BEIRUT, Lebanon (AFP) — Concern over the fate of hundreds who have gone missing in a Syrian city run by the Islamic State of Iraq and the Levant has fueled a backlash against the jihadist group.

Mothers of the detainees gather every day outside ISIL bases in the city of Raqa, where the extremist group is in full control and governs through a harsh interpretation of Islamic sharia law, according to residents and activists.

“They cry, begging for information and for their sons’ release,” said Amer Matar, whose citizen journalist brother Mohammad Nour has been detained by ISIL for nine months.

“My mother suffers every day, because she is not given any information about her youngest child,” said Matar, a filmmaker from Raqa who became a refugee in Germany because of his own activism against President Bashar al-Assad.

The kidnappings and other abuses led activists to mobilize a new campaign against ISIL last week that has gathered support on social media networks and seen protests held across opposition-run areas.

Rooted in Al-Qaeda in Iraq, ISIL first emerged in Syria’s war in spring last year, and was initially seen as an ally by fighters seeking Assad’s overthrow.

But ISIL’s quest for hegemony and systematic abuses — including the kidnapping of hundreds of rebels, activists and even ordinary citizens accused of “crimes” like heresy and smoking cigarettes — eventually turned the opposition against the extremist group.

ISIL has in recent months been expelled by rival rebels from many opposition areas, but the northeastern city of Raqa on the Euphrates river remains squarely under its control.

Sema Nassar, a prominent human rights activist, says ISIL is believed to be holding “more than 1,000 Syrians in Raqa province, though it is impossible to know the exact number.”

She also said those suspected of opposing ISIL or violating its puritanical social code vanish, all too often without a trace, while others have been publicly executed.

The province is home to an unknown number of detention facilities, including secret prisons where torture is especially severe, says Nassar, who works with the Syrian Network for Human Rights.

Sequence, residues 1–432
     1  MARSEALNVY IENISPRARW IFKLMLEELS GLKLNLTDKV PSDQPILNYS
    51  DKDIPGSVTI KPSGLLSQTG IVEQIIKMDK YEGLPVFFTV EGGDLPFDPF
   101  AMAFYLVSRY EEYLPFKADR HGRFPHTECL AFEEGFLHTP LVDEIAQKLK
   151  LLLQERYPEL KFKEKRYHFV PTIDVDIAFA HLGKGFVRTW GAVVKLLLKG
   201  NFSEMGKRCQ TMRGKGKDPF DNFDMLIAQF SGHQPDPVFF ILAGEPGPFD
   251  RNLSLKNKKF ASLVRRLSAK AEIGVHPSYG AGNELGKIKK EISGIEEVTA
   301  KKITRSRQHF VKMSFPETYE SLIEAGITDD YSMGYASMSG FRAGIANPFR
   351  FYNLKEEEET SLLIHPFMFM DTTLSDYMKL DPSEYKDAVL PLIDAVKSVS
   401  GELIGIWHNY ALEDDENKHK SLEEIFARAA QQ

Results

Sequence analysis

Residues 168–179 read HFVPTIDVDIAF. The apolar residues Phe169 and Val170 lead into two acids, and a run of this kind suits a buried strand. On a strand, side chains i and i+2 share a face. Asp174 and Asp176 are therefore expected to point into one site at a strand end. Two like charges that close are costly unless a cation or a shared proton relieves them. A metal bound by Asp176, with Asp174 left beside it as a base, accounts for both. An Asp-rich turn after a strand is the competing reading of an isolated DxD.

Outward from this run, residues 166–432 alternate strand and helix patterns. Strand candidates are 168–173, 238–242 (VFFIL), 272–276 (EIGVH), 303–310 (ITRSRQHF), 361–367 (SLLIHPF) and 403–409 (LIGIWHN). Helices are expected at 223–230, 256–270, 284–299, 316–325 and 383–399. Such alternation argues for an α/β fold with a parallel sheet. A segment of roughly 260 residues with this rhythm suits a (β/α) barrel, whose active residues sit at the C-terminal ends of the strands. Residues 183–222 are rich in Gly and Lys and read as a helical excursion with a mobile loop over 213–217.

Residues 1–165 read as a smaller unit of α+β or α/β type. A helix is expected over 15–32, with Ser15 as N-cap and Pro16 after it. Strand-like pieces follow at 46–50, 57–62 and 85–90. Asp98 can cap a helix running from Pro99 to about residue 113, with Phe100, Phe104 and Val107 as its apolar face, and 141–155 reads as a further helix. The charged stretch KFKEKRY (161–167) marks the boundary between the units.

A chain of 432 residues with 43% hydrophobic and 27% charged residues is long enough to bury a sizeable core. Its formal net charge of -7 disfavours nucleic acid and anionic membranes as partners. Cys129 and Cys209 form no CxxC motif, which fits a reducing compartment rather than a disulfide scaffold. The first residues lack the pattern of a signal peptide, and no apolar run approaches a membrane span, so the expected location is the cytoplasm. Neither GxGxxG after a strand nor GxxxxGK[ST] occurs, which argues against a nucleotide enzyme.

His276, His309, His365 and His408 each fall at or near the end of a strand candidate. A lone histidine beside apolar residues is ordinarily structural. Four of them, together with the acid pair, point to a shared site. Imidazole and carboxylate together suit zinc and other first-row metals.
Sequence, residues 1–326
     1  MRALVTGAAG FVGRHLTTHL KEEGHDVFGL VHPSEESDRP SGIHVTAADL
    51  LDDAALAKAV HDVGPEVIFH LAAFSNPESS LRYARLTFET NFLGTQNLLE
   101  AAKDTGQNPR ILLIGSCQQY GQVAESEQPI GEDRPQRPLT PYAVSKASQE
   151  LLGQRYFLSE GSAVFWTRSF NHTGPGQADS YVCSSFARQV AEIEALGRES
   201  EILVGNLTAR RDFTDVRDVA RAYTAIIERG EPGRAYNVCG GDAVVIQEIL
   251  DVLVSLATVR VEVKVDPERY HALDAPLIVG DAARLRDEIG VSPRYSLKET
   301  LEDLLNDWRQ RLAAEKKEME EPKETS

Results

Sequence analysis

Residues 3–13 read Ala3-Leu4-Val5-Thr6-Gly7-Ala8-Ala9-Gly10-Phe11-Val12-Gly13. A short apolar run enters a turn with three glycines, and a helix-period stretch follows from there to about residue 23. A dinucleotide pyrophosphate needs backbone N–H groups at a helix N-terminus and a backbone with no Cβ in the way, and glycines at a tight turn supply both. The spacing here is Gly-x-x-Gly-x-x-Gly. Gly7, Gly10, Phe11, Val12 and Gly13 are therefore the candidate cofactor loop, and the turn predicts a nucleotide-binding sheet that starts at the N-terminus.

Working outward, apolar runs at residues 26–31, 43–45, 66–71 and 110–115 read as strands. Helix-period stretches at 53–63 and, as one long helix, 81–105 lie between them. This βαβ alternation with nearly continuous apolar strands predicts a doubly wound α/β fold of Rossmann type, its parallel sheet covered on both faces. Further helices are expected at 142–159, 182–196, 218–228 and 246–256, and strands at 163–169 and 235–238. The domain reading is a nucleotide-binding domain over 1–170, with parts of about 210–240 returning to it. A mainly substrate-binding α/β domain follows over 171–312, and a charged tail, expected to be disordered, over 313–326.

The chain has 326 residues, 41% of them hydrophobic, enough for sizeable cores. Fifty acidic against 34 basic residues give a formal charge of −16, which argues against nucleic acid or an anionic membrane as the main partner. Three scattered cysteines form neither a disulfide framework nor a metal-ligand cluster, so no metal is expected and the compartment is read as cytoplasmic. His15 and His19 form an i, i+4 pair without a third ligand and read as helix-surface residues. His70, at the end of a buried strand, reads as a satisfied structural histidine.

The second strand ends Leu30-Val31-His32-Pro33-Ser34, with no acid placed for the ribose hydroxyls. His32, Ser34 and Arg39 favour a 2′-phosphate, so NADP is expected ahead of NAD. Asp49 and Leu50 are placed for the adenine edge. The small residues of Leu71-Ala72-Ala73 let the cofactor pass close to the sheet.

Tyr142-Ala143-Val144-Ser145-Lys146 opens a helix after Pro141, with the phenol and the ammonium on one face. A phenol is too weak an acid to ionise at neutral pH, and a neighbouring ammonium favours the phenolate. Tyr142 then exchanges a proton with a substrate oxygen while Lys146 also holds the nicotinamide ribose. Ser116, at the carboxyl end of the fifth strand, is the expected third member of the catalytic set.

Activists describe a climate of fear not unlike that under the Assad regime, and many have fled to nearby Turkey, fearing arrest or worse.

“ISIL sees activists as a challenge to their power, who must be eliminated,” said Nassar.

Despite the dangers, a group of dissidents using secret identities last week launched a campaign calling on ISIL to leave Raqa under the name ‘Raqa is Being Slaughtered Silently’.

Protesters across opposition areas last Friday adopted the slogan: “Cleansing Raqa of (ISIL chief Abu Bakr) al-Baghdadi’s Gang” and on Facebook and Twitter activists share photos of the group’s abuses.

One shows a field execution of several men, who kneel blindfolded in a public square, while another shows a man who has already been executed, tied to a makeshift cross in front of wide-eyed children.

Other groups report incidents including a woman given 40 lashes for failing to veil her face.

“It’s extremely dangerous to oppose ISIL… but we need to break the wall of fear,” said Abu Ibrahim, a campaign organizer.

“We must make sacrifices, or else they will rule us for good, and that’s just unacceptable,” he told AFP via the Internet from Raqa city.

The campaign has already raised ISIL’s ire, prompting the arrest of some 70 people in Raqa in the past week alone, said Nassar.

“They’ve arrested anyone they’ve caught even opening Facebook for entertainment, people who aren’t political at all. They’ve imposed some crazy version of emergency law on Raqa,” she told AFP.

The opposition has frequently accused ISIL of colluding with the Assad regime, which since the start of the 2011 uprising has accused the entire opposition of being “terrorists” backed by foreign powers.

An army source told AFP the army is not interested in attacking ISIL because the government wants to make an example out of Raqa.

“We want the people to see what happens when the rebels take over,” the source said.

While abuses are committed by all parties in Syria’s war, activists say ISIL stands out for its brutality.

Human Rights Watch researcher Lama Fakih said her group is advocating measures to block financial support to ISIL, and to ensure the situation in Syria as a whole is referred to the International Criminal Court.

“Such a referral would enable some victims to achieve justice, and also act as a deterrent for the future,” said Fakih.

But relatives of the kidnapped are not hopeful.

“We are ready to do whatever it takes to secure Mohammad Nour’s release, but ISIL haven’t even admitted they have him,” said Matar.

“We feel paralyzed. We Syrians are like citizens of nowhere, and can go to no one — no state or power — to ask for support.”